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Choosing Computer Science: Women At The Start Of The Undergraduate Pipeline

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Conference

2005 Annual Conference

Location

Portland, Oregon

Publication Date

June 12, 2005

Start Date

June 12, 2005

End Date

June 15, 2005

ISSN

2153-5965

Conference Session

Women in IT Fields

Page Count

11

Page Numbers

10.303.1 - 10.303.11

Permanent URL

https://peer.asee.org/14733

Download Count

90

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Paper Authors

author page

Ken Yasuhara

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Abstract
NOTE: The first page of text has been automatically extracted and included below in lieu of an abstract

Choosing Computer Science: Women at the Start of the Undergraduate Pipeline

Ken Yasuhara

yasuhara@cs.washington.edu Department of Computer Science and Engineering University of Washington Seattle, WA

1 Introduction

The “shrinking pipeline” is a common metaphor for the underrepresentation of women in computer science (CS), an increasingly well-known (if not well-understood) phenomenon. The further one progresses in CS academia—from undergraduate study to graduate study to faculty rank—the fewer women there are. (For a comprehensive discussion of the underrepresentation of women in CS, see G¨ rer and Camp. 13 ) At the undergraduate level in the U.S., CS is the only science, u technology, engineering, and mathematics (STEM) field whose gender gap has widened during the last two decades. 11 In the U.S., only 28% of Bachelor’s degrees in computer and information sciences went to women in 2002, down from a high of nearly 40% in the mid 1980s (Figure 1). As in past years, research departments are faring worse; in U.S. and Canadian Ph.D.-granting departments, 18% of Bachelor’s degrees in computer science and engineering went to women in 2003. 25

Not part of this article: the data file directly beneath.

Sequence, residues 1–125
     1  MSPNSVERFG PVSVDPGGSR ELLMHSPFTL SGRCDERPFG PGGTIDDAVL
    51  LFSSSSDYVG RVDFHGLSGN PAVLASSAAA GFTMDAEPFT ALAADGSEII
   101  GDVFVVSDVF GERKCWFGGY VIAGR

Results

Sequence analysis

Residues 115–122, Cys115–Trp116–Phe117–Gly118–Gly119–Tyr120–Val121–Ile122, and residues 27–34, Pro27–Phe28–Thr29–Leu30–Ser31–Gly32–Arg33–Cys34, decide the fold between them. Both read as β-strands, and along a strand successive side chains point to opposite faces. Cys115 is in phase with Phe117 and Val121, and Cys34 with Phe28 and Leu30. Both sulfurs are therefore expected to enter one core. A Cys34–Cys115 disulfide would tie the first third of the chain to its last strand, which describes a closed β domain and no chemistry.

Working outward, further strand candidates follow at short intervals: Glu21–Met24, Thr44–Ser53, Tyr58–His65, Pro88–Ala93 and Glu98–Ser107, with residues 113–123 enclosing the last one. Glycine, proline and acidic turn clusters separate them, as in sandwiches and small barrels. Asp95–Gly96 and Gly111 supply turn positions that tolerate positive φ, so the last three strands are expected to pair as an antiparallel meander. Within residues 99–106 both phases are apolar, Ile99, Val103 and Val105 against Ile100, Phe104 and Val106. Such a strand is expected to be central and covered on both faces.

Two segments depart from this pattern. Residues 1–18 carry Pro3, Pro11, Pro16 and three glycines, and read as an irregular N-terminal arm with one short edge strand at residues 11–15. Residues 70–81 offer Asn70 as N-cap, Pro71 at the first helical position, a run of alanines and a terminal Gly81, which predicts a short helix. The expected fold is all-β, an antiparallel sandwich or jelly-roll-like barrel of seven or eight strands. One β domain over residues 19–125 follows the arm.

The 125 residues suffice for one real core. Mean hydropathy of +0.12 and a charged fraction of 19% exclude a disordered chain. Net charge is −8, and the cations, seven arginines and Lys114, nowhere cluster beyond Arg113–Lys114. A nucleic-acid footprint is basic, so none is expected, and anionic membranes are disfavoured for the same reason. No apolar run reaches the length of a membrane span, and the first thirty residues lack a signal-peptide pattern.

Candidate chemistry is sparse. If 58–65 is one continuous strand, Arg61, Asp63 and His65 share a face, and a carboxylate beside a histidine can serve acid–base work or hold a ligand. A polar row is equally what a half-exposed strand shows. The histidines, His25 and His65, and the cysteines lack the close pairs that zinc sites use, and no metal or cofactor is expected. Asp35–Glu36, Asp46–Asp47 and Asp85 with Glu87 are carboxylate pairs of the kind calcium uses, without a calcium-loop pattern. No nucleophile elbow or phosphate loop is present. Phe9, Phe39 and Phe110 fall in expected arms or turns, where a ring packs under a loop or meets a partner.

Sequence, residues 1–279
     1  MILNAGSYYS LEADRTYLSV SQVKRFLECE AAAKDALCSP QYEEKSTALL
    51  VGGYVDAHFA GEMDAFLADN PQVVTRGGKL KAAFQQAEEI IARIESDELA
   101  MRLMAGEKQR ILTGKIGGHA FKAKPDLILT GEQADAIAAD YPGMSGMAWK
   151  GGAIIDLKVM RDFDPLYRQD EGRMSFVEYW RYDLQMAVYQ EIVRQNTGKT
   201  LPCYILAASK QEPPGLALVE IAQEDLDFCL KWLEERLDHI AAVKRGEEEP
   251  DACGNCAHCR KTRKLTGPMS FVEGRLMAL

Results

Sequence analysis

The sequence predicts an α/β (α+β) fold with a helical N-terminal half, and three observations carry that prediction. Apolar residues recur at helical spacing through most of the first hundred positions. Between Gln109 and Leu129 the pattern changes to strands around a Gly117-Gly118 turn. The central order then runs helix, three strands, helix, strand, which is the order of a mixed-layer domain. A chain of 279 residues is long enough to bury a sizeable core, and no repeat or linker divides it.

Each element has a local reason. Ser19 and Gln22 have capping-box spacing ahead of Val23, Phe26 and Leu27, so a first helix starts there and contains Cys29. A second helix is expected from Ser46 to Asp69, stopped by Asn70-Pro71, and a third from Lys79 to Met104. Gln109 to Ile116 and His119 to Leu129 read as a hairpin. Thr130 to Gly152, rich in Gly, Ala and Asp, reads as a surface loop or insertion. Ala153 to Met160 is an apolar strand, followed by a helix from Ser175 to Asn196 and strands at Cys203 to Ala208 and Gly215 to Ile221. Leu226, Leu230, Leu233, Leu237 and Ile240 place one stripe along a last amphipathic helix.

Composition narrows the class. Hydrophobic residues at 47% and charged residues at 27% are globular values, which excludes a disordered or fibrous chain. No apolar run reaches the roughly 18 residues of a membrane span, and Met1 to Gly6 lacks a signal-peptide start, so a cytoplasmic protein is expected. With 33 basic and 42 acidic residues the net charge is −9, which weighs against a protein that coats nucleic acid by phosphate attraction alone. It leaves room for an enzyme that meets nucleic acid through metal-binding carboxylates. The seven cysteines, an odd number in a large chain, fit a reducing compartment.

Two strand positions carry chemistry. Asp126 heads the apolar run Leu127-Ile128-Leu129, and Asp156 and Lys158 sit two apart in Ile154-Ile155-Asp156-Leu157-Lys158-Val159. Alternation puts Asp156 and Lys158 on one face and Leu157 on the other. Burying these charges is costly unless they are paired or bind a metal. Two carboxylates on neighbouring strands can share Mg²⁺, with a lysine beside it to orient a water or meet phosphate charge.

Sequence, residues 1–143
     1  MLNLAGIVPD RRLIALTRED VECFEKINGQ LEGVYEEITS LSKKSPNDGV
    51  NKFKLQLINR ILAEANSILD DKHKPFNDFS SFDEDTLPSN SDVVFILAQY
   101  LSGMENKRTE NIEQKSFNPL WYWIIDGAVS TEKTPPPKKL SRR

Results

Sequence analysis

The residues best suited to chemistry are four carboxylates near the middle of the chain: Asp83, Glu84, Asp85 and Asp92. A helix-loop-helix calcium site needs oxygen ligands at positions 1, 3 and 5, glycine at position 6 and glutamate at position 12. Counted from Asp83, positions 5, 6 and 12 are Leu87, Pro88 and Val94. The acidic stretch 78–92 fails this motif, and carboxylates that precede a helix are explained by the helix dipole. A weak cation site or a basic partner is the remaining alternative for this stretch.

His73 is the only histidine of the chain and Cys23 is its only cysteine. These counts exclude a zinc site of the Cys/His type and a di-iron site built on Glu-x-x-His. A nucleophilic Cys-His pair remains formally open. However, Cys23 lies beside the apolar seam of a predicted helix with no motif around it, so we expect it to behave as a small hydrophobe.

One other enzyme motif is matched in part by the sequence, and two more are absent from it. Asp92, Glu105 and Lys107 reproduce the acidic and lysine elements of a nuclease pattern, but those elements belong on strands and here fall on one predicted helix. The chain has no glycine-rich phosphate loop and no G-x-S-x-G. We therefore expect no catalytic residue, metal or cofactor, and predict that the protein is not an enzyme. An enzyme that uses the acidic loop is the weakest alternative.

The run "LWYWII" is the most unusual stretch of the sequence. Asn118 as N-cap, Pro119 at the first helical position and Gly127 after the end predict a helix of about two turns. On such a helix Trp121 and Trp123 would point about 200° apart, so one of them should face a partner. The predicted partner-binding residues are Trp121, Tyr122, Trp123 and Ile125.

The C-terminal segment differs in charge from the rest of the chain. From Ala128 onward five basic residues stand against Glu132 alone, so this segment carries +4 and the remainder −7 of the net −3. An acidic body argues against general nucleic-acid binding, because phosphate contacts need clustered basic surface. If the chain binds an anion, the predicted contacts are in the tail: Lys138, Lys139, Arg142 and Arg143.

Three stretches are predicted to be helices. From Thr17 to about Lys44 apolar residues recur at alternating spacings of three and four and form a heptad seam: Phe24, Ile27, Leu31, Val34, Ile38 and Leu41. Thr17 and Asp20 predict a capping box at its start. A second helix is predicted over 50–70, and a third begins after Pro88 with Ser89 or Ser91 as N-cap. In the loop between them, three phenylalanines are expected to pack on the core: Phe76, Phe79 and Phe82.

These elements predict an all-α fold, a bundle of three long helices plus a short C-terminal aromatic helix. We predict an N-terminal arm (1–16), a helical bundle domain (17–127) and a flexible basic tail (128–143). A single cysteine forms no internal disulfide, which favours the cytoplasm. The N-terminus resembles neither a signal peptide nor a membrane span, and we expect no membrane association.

This paper reports early results of a survey- and interview-based study focusing on the beginning of the undergraduate pipeline in CS. Employing a grounded theory-style method, we investigate gender differences in how pre-major undergraduates are attracted to (or repelled by) the CS major. By also investigating how students conceive of CS as a discipline, culture, and career area, we not only ask the students the question, Why or why not computer science?, but also discover how they understand the question.

We begin by discussing relevant underrepresentation research in Section 2. Section 3 presents research questions and our methods. Survey analysis results in Section 4 are interpreted and dis- cussed in Section 5, and the paper concludes with a discussion of future work.

Proceedings of the 2005 American Society for Engineering Education Annual Conference & Exposition Copyright c 2005, American Society for Engineering Education

Yasuhara, K. (2005, June), Choosing Computer Science: Women At The Start Of The Undergraduate Pipeline Paper presented at 2005 Annual Conference, Portland, Oregon. https://peer.asee.org/14733

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